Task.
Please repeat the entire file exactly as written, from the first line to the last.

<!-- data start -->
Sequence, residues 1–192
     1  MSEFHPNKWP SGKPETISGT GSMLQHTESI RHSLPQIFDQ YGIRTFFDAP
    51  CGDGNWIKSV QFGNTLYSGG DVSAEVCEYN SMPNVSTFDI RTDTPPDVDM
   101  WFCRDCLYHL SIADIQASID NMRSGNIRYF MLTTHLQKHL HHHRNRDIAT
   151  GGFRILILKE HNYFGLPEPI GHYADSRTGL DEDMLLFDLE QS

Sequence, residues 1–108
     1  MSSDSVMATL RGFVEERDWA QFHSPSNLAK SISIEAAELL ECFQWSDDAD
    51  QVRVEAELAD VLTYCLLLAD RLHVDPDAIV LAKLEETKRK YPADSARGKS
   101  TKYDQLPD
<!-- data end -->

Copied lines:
Sequence, residues 1–192
     1  MSEFHPNKWP SGKPETISGT GSMLQHTESI RHSLPQIFDQ YGIRTFFDAP
    51  CGDGNWIKSV QFGNTLYSGG DVSAEVCEYN SMPNVSTFDI RTDTPPDVDM
   101  WFCRDCLYHL SIADIQASID NMRSGNIRYF MLTTHLQKHL HHHRNRDIAT
   151  GGFRILILKE HNYFGLPEPI GHYADSRTGL DEDMLLFDLE QS

Sequence, residues 1–108
     1  MSSDSVMATL RGFVEERDWA QFHSPSNLAK SISIEAAELL ECFQWSDDAD
    51  QVRVEAELAD VLTYCLLLAD RLHVDPDAIV LAKLEETKRK YPADSARGKS
   101  TKYDQLPD